“For jealousy, I’m not talking of men involved in extraordinary affairs. Take for instance, a pastor who is visited by many people, including women. If the wife is the jealous type that does not want to condone the opposite s3x coming for counselling, or visiting her husband for church matters, there may be problems. I’ve heard cases where pastors’ wives of attack female members of the congregation under the suspicion that they are engaged in illicit affairs with these members. I believe pastors’ wives are special kind of women. Not every woman can handle that position, because there is need for a great level of understanding. Besides, when a woman is not patient with a man, it can lead to domestic violence. Patience is very important.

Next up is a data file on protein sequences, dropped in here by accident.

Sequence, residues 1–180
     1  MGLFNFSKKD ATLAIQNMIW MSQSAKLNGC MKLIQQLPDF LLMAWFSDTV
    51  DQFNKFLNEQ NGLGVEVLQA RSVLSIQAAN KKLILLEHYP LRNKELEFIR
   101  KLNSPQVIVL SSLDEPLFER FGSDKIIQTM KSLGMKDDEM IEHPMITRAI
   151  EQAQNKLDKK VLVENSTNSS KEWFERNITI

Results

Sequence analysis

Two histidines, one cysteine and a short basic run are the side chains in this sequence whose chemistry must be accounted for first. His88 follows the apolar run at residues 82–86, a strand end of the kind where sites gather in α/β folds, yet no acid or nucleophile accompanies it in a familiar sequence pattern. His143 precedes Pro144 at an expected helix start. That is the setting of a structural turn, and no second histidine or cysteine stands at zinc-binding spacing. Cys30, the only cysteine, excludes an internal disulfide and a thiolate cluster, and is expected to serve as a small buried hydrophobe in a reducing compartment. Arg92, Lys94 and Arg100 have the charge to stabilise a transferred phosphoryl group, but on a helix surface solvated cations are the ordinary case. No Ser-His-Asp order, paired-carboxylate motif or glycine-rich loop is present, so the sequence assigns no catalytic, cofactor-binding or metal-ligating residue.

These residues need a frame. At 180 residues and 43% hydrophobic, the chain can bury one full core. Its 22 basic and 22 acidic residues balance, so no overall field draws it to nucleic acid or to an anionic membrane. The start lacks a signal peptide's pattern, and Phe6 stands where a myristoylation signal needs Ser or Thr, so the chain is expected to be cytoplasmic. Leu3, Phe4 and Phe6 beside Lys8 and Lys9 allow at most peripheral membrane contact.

“Temperament also plays a very strong role. That’s why I always say preparing for marriage is very important. Serious homework must be done, such as considering the person’s temperament. Marriage is beyond the physical; it is also spiritual. It is a combination of many factors and these factors must be put into consideration. Beyond genotype, HIV, and other tests, I urge couples to go for psychiatric tests before entering into marriage. One must know how mentally balanced the other person is. There are people who look mentally balanced, but lose their cool even after minor disagreements,” he stated.


‘Male victims deserve same recognition, sympathy, as female victims’